This is the bowl I always rise the bread dough in, and the cloth I always use to cover it.
Somehow, it matters.
Somehow, it matters.
For most of my sophomore year in college, I was completely broke. Oh, I had a job ... as a lunchtime waitress at a hole-in-the-wall Filipino restaurant, where we were paid in cash weekly and the health code seemed all but nonexistent. While I wasn't desperate - I had good friends and the support of my family - I was determined to make it on my own, and the chances of success often seemed pretty grim. I even found myself selling my books - my beloved books!! - to buy groceries. And yet, somehow, there was always in my budget, a little money every week for three flowers (inexpensive daisies, one for me and each of my roommates) and an Italian soda (Irish cream, no whipped cream, and please whatever you do, don't stir it). Always. When my cupboards were bare and I wondered how on earth I was going to make it, there was need for this small indulgence, this ritual I had every week. It gave me something tangible to look forward to; it gave me a small but vital sense of stability when I needed it most. It made a big difference in how I thought about my situation.
I survived, I graduated, and I got a "real" job. I even bought back most of my favorite books. These days I have a comfortable home where the pantry is full. But in times of want or in times of plenty, I find that I still need simple rituals. Though the circumstances and the flowers are different (I really prefer dahlias over daisies), there is still beauty and necessity in daily, meaningful rituals. They give shape to my days at home, and more purpose to almost every act.
The difference, I believe, between a ritual and just something you do all the time, is intent. How much lovelier it is to bake our weekly bread loaves when I take the time to knead the dough with mindfulness; when I think about the wheat fields and the grain mill and the family the bread will feed. How much nicer it is to hang out our laundry in the summertime when I don't try to rush, and spend a few seconds now and again to really feel the sun on my face and appreciate its warmth. It works for everything. From washing the dishes to making your bed (yes, every morning, it makes a big difference trust me!) to ... well, everything!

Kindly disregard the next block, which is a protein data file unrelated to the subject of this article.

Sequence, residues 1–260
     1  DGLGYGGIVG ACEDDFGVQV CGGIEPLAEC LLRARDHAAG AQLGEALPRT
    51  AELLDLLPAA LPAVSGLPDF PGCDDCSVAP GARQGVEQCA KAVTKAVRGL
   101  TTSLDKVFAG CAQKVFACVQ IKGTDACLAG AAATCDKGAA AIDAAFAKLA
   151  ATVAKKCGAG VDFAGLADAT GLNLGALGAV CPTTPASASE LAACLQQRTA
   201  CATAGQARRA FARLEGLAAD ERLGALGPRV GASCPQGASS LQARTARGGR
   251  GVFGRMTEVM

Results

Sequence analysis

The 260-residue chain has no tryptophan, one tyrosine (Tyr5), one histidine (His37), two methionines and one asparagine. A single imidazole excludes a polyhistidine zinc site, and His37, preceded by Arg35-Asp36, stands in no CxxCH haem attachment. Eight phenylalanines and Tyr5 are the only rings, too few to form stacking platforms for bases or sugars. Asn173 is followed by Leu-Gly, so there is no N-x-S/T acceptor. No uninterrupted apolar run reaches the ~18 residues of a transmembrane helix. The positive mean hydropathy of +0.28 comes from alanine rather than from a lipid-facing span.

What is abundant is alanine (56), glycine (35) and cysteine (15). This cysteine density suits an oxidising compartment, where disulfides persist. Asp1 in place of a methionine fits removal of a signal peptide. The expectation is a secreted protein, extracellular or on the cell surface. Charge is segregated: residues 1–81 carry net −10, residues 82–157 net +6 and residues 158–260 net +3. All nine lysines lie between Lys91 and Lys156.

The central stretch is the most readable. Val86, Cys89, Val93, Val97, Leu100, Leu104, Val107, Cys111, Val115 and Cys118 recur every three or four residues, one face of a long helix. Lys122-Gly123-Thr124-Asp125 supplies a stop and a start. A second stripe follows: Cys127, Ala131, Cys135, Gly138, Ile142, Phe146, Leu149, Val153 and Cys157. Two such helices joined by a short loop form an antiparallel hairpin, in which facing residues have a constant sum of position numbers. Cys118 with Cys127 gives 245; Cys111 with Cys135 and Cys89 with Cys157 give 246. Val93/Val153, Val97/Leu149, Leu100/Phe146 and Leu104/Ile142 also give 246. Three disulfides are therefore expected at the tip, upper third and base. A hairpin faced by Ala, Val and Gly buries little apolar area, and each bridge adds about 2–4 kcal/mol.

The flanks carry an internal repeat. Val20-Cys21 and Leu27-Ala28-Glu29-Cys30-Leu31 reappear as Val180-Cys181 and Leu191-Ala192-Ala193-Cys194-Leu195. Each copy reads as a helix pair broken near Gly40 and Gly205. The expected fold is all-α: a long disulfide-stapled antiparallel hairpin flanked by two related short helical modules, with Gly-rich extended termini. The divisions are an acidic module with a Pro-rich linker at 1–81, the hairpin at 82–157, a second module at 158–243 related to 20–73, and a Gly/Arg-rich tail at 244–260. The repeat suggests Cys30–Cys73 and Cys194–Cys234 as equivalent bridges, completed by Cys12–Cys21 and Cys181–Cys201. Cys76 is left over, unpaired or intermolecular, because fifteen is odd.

Try it, I dare you! Find some way this week to make your daily tasks into rituals, and see if it doesn't improve your outlook. Whether you're a starving college student or a working professional or a busy mama. And then come back and tell me about it! I can't wait to hear your stories.
Our Daily Bread - makes 2 loaves
1 Tbsp (or 1 packet) yeast
1 Tbsp sugar or honey
2 cups warm water
1/4 cup vegetable oil
1-1/2 tsp salt
1/3 cup flax seed meal
1-2/3 cup whole wheat flour
4-5 cups bread flour
Combine yeast and sugar in a mixing bowl. Pour in warm water and leave it for about 10 minutes. Add salt and oil, then flax and flours. Mix well until dough is uniform and slightly sticky (add flour as needed). Remove from bowl and knead on a clean surface for a while - the time matters less than how you feel about kneading. Lightly oil your favorite bowl and place bread dough in it, turning once. Cover with a lovely cloth and let rise for about an hour, until dough is double in size. Divide in half and knead again. Shape into loaves, and place them in oiled loaf pans. Cover again and let rise for about 30 minutes. Bake in 350-degree oven for 25-30 minutes, until tops are golden and loaves sound hollow when tapped. Turn out onto cooling racks within about 5 minutes.